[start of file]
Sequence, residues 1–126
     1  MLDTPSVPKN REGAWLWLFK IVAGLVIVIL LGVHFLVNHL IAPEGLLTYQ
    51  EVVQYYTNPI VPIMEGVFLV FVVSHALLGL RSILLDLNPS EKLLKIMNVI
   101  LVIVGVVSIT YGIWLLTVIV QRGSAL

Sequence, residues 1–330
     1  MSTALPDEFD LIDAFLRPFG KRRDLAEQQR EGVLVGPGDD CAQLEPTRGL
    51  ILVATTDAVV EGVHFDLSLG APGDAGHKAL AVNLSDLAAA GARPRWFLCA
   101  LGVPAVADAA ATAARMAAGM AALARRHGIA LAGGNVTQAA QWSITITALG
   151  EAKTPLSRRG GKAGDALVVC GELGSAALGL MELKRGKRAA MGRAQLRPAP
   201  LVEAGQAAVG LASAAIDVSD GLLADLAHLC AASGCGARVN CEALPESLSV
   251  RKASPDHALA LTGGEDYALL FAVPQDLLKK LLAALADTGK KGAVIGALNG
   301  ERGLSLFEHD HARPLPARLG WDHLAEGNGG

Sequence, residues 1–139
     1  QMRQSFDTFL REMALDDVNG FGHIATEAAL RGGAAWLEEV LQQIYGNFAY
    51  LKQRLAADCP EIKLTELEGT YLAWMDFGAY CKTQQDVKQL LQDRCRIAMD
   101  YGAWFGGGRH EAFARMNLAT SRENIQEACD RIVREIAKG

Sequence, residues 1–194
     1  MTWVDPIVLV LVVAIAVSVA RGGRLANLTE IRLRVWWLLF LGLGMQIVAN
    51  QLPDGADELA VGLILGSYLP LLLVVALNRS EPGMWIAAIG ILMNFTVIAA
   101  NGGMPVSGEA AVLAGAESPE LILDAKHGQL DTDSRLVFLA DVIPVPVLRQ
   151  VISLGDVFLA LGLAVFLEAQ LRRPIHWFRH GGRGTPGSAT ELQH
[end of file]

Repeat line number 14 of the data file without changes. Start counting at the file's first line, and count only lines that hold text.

     1  QMRQSFDTFL REMALDDVNG FGHIATEAAL RGGAAWLEEV LQQIYGNFAY